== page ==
–> Make the most of research opportunities at your educational institution. If acupuncture research inspires you, now is the time to seize the moment because these experiences may not be top of mind once school is done. Take on research projects that you are genuinely interested in, not just ones that are the most prestigious.
“Seek opportunities to gain research skills by working with the research department at your school, taking biostatistics or epidemiology classes, or applying for a grant to receive the training you need.”
It is hard to flourish in acupuncture school without a mentor, and it is essential to take advantage of your resources. A mistake a lot of acupuncture school students make is that they don’t utilize the resources at their disposal on campus like program directors, mentors, advisors, and more. Seek out multiple mentors who will serve as a guide through school and the TCM profession as a whole.
–>Mentors allow acupuncture school to be more accessible. They can give you an inside perspective of the acupuncture field, help you balance work and education, and offer advice on many specific scenarios that you may find yourself in while in grad school or during your career as an acupuncturist.
–>Mentors can help you find the best path to achieve your goals. Your mentors and/or advisors are more aware than anyone how acupuncture school operates. A mentor will help you stick to your career plan, make recommendations for appropriate classes to take to achieve your career goals, and direct you to other faculty that have specialized experience in the various areas of TCM.
–>Mentors help set you up to succeed in and out of school. Having a mentor can help increase your chances of success in the TCM field once you graduate. They will help you feel better prepared to take on a career in eastern medicine in the real world after receiving their advice in your school years.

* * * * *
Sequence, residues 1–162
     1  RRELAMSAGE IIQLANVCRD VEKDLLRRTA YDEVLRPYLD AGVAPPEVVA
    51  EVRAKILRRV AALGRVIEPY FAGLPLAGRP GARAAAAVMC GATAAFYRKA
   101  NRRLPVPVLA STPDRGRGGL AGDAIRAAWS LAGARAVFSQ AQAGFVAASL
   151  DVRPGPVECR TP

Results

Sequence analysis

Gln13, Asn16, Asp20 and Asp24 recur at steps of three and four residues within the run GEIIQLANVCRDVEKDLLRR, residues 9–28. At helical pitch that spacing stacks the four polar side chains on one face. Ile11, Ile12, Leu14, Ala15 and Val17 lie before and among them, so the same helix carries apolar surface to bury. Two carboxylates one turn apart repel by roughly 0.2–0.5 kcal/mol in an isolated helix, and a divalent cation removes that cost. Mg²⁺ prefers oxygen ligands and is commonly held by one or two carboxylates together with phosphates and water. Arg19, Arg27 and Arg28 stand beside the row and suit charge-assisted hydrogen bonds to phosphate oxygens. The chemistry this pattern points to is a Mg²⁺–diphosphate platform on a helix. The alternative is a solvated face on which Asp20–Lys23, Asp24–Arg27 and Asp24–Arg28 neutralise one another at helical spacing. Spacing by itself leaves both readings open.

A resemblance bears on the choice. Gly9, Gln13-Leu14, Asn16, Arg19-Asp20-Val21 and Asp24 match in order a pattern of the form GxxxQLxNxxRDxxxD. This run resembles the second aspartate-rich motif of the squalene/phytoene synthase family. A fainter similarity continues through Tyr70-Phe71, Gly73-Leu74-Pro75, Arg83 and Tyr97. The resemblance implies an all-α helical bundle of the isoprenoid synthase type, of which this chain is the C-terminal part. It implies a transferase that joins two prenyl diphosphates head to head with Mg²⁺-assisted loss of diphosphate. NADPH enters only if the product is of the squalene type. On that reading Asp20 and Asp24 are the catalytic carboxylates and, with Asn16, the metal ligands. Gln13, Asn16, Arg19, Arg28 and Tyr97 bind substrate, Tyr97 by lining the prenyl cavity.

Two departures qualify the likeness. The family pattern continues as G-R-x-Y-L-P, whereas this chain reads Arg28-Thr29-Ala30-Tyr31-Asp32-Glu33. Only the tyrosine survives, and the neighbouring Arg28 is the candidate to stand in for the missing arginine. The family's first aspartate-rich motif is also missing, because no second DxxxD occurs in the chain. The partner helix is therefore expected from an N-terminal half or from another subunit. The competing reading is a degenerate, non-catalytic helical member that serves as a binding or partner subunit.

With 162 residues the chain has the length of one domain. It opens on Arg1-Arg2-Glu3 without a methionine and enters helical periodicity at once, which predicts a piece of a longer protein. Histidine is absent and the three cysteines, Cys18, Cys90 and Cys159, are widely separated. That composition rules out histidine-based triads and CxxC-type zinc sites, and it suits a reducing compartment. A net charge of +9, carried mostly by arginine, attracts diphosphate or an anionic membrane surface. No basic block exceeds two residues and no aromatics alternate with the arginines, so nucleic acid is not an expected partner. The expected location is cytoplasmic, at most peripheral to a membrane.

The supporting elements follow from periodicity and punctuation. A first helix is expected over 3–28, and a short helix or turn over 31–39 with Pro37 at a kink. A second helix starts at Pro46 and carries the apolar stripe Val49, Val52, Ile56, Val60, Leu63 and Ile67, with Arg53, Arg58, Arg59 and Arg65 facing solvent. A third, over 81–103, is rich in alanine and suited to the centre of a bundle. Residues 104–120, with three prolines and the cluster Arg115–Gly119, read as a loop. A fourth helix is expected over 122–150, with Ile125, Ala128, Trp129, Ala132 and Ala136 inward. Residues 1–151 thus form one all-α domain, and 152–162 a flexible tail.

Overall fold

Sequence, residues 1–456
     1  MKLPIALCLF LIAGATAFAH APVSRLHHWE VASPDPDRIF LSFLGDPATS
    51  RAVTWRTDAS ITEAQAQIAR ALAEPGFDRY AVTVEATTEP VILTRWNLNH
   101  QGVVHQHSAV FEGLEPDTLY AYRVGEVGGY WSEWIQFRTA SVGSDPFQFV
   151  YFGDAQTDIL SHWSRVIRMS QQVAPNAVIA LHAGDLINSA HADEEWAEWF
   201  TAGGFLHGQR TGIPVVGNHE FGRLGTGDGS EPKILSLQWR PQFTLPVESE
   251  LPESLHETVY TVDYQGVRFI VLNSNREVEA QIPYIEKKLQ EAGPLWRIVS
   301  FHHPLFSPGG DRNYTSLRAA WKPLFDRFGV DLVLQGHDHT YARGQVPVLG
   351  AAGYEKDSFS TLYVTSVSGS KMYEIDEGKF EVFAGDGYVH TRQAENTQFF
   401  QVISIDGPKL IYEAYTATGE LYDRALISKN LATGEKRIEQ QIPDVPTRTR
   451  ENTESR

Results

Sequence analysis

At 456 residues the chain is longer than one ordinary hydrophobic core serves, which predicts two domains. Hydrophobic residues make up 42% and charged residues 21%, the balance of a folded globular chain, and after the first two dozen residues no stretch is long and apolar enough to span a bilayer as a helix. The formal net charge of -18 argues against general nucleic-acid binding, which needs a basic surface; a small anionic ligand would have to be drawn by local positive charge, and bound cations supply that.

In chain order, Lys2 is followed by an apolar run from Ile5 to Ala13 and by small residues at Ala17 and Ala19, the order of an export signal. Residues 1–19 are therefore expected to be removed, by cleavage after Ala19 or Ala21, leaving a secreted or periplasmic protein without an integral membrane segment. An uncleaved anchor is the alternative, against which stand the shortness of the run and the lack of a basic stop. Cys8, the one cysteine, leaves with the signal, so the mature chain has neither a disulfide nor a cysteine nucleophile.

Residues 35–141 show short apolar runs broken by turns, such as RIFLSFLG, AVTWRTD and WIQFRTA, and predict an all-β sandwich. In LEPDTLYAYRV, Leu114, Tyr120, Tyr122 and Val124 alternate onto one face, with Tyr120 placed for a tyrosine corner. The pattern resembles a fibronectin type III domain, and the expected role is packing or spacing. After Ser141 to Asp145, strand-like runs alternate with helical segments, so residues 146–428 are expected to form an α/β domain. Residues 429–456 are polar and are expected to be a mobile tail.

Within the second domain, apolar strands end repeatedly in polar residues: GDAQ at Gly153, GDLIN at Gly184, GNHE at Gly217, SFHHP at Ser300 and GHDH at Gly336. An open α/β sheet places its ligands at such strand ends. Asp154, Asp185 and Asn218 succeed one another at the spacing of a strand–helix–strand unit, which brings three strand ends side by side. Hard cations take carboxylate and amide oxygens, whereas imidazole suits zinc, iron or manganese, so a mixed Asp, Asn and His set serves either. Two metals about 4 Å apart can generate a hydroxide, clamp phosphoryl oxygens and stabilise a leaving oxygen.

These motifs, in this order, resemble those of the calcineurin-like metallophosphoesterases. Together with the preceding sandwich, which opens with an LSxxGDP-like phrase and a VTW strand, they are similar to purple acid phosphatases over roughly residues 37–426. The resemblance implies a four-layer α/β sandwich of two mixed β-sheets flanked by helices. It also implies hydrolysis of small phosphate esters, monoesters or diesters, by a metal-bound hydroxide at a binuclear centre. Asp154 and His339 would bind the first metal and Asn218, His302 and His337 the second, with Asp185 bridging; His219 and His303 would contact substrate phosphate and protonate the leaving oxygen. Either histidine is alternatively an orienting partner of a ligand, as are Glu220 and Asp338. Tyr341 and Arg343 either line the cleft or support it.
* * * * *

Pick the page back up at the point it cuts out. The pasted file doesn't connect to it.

“A very skilled colleague of mine taught me that when learning from a teacher, implement their teachings for exactly two weeks before making any changes. That way you can add their knowledge to yours. If you make changes from the get go, based on what you know, you will only have what you know. If you follow their instructions exactly, even if they conflict with your knowledge, you will have a chance to learn why they do it that way, and expand to include something new.”
– Leslie Silver, L.Ac
6. Know Your Career Goals Early On
Write down your goals. Are there specific specialties within the acupuncture profession that you find most intriguing? Do you want to specialize in any particular treatment types that you would like to revolutionize or update/change? Do you want to start an acupuncture practice with a fellow classmate, or bring your acupuncture skills to a local hospital? Be clear about what you want to get out of your acupuncture program because an acupuncture graduate program will be infinitely more challenging than your undergraduate degree.
“Starting a business takes a lot of time, effort and patience – make sure you have a strong business plan and take a course in marketing as that’s the biggest obstacle to overcome.”
– Ann McKinney, L.Ac
7. Manage Your Time
Take control of your schedule. This can mean setting boundaries to guard yourself against any unnecessary and unwanted stress. Know which classes are the most demanding, and which should be taken together or saved for the next semester. Basically, know your limits. It will help you better plan your schedule and avoid the burnout. Time management is important in every aspect of life, but especially when you’re in a two to three year acupuncture degree program. This is partly because acupuncture graduate programs are academically rigorous, and grad students are often balancing other important areas of their life, such as family, or even a part or full-time job.
“It’s a huge commitment of time and finances to go back to school for a masters and then a doctorate. Sometimes, you just have to go all in.”
– Jonathan Fields, DAOM